Polish say ‘go raibh maith agat’ for ten years of an Irish welcome

Embassy releases YouTube video as Gaeilge to mark decade since EU membership

A YouTube video released today by the Polish Embassy expresses thanks to Irish people for ten years of support. The whole video is in Irish and takes a humourous look at life in ireland. Video: Embassy of the Republic of Poland in Dublin


Polish diplomats have thanked the Irish people for ten years of welcome in a video which not only shows off their Irish language skills but also a local sense of humour.

The YouTube video released today by the Polish Embassy marks ten years since the eastern European nation of 38 million people became part of the European Union. Since then 120,000 have made Ireland their home, according to the 2011 census.

The whole video is in Irish with English subtitles. It opens with the Polish ambassador Martin Nawrot speaking from his office in Irish “dia dhaoibh go léir”. “On behalf of all the Poles in Ireland we thank the Irish people for your welcome,” he says.

The video then casts a jaundiced eye at Irish sport, culture, food and weather.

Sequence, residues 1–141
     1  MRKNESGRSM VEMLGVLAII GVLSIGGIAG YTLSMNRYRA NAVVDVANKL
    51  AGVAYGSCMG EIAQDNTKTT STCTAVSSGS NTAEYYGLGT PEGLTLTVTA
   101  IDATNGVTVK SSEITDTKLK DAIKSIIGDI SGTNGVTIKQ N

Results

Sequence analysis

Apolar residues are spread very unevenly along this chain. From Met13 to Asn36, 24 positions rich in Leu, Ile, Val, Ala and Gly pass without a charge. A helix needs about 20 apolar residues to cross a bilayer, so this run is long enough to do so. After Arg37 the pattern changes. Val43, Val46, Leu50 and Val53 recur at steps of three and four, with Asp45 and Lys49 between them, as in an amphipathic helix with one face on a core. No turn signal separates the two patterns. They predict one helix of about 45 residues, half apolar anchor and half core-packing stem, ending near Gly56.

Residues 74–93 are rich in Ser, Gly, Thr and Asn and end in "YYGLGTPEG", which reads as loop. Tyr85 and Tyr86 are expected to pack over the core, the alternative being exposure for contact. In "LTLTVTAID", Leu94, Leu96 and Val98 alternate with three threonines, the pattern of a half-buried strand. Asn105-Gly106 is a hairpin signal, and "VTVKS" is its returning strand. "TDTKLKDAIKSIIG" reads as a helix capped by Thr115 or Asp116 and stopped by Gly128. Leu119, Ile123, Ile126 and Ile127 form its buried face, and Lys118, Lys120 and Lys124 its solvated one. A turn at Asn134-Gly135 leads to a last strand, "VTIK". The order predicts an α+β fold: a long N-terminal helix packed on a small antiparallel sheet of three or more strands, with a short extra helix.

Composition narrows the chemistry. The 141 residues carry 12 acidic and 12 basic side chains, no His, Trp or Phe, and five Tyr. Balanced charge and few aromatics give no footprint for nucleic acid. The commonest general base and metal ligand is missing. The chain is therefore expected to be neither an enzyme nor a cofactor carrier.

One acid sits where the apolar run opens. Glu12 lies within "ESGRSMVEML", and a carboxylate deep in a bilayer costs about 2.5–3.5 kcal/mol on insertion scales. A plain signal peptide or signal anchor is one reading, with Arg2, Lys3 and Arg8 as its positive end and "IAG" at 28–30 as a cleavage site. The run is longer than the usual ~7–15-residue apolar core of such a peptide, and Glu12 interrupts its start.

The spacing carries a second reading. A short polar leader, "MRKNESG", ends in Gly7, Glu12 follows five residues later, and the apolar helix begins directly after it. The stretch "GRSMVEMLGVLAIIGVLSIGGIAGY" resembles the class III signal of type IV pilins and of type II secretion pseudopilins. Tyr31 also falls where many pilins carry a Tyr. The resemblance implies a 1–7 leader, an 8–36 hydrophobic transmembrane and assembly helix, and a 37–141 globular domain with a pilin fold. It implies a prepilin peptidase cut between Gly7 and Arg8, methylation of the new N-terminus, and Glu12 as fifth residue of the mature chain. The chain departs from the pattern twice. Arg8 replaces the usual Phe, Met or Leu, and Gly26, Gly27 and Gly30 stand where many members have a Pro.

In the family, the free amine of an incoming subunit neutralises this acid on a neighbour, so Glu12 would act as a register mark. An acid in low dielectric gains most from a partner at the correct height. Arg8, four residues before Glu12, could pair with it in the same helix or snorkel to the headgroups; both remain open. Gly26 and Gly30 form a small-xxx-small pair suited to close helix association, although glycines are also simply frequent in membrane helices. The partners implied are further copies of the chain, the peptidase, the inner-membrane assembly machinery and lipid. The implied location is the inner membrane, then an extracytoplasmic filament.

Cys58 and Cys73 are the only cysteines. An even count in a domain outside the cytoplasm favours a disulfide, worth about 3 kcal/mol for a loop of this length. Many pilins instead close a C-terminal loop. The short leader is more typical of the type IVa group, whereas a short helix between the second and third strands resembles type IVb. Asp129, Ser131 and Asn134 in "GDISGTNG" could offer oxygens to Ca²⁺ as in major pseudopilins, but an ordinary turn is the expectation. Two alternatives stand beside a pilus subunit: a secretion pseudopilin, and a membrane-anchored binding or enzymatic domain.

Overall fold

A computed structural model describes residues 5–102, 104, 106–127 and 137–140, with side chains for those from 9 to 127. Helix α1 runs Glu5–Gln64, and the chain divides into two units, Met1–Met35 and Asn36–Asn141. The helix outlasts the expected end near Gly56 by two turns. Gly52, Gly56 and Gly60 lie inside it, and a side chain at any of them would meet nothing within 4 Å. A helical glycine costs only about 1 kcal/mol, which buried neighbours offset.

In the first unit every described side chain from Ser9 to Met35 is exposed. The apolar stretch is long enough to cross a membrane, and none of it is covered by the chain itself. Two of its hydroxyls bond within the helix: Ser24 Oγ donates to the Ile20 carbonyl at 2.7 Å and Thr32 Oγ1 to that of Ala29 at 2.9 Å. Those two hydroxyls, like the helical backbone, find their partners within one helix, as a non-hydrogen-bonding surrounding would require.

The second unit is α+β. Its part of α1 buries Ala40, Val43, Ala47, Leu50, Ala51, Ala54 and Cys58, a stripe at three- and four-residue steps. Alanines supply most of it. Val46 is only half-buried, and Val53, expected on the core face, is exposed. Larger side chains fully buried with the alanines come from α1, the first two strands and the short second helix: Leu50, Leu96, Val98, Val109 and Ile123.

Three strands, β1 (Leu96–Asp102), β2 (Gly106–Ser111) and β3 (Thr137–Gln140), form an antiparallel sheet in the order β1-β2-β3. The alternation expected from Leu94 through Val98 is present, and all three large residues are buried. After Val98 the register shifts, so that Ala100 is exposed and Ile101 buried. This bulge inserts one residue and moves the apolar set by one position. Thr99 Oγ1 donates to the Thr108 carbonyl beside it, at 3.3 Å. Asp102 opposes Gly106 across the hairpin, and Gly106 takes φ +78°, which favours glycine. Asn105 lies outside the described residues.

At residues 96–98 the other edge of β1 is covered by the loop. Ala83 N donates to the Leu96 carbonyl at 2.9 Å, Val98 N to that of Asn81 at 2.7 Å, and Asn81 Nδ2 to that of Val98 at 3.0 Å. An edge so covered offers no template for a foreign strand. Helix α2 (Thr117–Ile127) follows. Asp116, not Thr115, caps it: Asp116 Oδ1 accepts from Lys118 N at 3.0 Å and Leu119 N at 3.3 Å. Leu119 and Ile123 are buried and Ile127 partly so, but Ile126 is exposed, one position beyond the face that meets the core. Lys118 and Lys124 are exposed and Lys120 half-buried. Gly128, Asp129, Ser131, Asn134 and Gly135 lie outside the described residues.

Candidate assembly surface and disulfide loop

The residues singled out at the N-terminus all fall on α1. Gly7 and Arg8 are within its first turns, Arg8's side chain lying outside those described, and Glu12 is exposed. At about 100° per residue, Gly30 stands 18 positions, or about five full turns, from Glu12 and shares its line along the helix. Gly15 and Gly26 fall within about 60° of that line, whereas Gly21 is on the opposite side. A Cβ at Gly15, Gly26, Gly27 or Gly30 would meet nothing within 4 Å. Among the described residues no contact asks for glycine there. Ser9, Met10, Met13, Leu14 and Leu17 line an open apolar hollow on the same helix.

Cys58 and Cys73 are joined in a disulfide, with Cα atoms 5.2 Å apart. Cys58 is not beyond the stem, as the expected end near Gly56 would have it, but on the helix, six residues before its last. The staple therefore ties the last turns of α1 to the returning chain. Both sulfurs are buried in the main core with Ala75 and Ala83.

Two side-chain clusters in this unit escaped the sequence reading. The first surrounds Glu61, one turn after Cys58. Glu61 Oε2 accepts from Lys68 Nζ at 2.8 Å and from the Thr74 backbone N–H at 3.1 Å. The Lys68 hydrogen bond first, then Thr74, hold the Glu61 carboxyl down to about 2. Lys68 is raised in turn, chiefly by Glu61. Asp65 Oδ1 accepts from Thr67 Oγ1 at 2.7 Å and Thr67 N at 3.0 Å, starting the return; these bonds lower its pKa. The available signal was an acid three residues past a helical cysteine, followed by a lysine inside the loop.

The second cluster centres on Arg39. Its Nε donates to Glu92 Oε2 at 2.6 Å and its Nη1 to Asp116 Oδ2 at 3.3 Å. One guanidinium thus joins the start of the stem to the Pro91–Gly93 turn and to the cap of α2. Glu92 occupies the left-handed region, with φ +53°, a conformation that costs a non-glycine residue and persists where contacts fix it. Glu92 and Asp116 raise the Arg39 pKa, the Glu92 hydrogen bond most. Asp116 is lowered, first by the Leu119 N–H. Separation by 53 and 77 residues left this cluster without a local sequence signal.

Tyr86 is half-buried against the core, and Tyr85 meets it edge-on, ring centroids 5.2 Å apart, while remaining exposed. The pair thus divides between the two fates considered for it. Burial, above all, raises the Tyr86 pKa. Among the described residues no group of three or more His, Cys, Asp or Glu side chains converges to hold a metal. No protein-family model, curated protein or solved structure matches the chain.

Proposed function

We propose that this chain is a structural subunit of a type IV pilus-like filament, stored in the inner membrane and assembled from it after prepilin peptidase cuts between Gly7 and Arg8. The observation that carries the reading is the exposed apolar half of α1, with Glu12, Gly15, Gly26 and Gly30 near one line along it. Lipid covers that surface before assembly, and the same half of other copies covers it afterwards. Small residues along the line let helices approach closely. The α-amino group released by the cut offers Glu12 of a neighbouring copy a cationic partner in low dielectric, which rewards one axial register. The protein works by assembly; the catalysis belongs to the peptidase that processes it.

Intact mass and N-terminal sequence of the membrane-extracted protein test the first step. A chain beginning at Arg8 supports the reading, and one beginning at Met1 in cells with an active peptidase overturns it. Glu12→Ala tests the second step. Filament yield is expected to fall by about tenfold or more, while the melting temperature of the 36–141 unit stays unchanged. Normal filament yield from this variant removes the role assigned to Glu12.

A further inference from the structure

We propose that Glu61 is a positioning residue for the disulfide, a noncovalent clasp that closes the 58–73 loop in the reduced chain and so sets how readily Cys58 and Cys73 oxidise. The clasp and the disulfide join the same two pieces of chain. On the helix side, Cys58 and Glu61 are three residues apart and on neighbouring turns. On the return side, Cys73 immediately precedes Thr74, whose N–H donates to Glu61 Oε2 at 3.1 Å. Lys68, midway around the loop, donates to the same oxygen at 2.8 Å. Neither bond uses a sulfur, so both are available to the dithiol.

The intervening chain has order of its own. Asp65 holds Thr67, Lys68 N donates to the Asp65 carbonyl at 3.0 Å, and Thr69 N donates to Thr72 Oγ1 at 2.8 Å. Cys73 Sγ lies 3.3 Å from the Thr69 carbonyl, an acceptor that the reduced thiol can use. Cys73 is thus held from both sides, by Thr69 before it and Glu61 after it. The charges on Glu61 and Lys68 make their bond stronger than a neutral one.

“Thank you for all the cheerful and easy to read books” the voiceover says showing a woman reading James Joyce’s Ulysses upside-down

“Thank you for the beautiful weather”, says the voice-over showing three people relaxing on the wet the beach as the wind blows an umbrella away

“We thank you for all your unusual sports “, the voiceover says showing scenes of rugby and hurling blunders .

“We thank you for the healthy food,” the voiceover says showing a plate of a traditional greasy Irish fried breakfast

“But most of all thanks for being so open and making us feel at home for the past ten years,” the video says.

The video closes with staff outside the Polish Embassy shouting “Go raibh míle maith agat a mhuintir na hÉireann”

Ireland has the third highest number of Polish migrants in the world, and the most per capita. Polish is the second most widely spoken language in the State.

The Polish Embassy siad it wanted to convey “gratitude to the Irish people for the openness and kindness they have shown to Poles in Ireland” and for “all the joys the Emerald Isle has to offer”.